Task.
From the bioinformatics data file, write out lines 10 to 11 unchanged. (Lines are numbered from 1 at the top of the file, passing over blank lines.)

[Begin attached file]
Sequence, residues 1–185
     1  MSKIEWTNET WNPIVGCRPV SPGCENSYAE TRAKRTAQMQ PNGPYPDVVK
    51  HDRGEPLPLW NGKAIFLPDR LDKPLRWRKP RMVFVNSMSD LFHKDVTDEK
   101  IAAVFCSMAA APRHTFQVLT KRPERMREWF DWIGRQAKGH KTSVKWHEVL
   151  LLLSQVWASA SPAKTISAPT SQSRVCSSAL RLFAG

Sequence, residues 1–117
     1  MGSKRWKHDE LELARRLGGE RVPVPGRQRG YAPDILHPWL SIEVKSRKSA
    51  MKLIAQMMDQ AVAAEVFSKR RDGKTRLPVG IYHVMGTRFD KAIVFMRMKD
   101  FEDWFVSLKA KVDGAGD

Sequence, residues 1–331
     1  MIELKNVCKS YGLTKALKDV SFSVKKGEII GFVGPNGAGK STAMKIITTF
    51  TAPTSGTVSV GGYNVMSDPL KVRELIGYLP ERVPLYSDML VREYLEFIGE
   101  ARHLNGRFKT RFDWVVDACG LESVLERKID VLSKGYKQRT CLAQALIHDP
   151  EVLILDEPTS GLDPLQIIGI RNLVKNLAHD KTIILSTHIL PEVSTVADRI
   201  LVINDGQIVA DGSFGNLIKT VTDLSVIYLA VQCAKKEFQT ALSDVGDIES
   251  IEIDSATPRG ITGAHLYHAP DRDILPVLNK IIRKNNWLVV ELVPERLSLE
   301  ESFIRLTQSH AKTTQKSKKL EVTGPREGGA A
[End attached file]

Sequence, residues 1–331
     1  MIELKNVCKS YGLTKALKDV SFSVKKGEII GFVGPNGAGK STAMKIITTF